Ultimobranchial gland of freshwater catfish, Heteropneustes fossilis, in response to calcitonin administration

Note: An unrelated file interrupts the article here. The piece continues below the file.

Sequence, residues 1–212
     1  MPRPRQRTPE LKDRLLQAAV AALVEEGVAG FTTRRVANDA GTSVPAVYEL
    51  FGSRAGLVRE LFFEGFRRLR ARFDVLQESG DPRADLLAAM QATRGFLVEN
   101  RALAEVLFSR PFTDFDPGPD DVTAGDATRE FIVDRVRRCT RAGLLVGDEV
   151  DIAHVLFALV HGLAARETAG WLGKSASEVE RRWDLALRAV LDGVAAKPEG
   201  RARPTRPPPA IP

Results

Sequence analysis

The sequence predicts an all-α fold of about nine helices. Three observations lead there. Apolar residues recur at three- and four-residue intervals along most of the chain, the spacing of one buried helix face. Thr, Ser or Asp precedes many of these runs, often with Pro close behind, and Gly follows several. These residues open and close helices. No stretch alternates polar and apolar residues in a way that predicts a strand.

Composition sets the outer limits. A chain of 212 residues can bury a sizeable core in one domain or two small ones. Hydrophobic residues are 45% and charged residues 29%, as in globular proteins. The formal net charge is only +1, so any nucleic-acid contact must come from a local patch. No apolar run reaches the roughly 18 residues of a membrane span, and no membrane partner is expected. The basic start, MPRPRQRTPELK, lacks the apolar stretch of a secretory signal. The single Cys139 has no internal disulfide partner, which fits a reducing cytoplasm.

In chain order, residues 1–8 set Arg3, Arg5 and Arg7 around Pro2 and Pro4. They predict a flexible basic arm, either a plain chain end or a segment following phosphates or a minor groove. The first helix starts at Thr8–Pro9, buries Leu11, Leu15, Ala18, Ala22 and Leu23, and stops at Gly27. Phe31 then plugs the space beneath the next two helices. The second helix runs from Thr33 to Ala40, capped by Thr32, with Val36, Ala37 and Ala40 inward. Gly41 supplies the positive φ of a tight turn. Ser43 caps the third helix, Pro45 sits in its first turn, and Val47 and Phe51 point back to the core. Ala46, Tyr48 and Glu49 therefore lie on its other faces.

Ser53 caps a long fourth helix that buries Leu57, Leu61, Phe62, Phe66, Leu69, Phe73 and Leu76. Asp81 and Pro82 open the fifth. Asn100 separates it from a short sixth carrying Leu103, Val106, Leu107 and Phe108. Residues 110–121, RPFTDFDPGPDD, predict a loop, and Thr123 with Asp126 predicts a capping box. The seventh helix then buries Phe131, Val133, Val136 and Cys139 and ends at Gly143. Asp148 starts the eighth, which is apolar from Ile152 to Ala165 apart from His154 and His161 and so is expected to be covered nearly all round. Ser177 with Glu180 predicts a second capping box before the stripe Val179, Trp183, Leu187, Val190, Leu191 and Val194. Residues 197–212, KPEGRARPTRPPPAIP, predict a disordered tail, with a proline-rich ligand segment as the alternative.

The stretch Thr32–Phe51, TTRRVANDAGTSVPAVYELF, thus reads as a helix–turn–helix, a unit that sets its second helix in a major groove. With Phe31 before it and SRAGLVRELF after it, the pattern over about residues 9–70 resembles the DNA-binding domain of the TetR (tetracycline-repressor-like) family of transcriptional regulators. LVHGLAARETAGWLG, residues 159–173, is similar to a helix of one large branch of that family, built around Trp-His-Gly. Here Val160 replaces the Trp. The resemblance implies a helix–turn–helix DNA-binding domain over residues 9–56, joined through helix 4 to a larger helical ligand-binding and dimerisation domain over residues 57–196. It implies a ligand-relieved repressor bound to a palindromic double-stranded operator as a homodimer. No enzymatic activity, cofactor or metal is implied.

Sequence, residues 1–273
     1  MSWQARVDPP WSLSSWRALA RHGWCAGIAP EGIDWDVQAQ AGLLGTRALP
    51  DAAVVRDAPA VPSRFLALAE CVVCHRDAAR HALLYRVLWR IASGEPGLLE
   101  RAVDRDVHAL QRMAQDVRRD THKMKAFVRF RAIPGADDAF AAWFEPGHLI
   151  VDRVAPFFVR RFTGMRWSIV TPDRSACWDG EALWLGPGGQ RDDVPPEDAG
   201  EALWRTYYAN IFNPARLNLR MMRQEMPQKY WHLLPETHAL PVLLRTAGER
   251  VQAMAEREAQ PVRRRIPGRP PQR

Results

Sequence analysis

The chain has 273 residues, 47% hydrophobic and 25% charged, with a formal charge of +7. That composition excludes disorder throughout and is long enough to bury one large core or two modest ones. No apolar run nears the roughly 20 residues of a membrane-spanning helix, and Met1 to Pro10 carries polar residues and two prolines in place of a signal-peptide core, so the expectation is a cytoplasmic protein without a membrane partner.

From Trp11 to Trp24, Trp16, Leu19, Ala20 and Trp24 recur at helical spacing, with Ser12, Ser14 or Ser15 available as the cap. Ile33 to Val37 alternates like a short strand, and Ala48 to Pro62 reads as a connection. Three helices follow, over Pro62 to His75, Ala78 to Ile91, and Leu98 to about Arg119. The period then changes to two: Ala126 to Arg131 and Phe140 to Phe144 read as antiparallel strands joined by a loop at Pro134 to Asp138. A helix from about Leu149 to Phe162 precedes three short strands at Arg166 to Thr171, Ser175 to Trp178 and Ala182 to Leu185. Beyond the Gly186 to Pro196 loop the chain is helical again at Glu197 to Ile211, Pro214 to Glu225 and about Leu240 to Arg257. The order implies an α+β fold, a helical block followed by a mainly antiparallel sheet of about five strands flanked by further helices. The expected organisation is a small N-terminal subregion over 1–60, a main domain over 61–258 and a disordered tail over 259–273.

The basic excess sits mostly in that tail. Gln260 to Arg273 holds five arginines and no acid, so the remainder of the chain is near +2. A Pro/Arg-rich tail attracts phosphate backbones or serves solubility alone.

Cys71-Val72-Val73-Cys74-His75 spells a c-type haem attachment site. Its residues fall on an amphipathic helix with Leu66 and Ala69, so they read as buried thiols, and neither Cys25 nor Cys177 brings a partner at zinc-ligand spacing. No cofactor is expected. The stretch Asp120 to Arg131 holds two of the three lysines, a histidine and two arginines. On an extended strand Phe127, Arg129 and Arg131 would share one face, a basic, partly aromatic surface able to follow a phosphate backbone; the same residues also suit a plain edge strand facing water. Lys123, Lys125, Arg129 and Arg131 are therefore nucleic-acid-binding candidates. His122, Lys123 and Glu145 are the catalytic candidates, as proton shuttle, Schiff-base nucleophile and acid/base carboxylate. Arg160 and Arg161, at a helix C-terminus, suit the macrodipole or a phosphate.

Abstract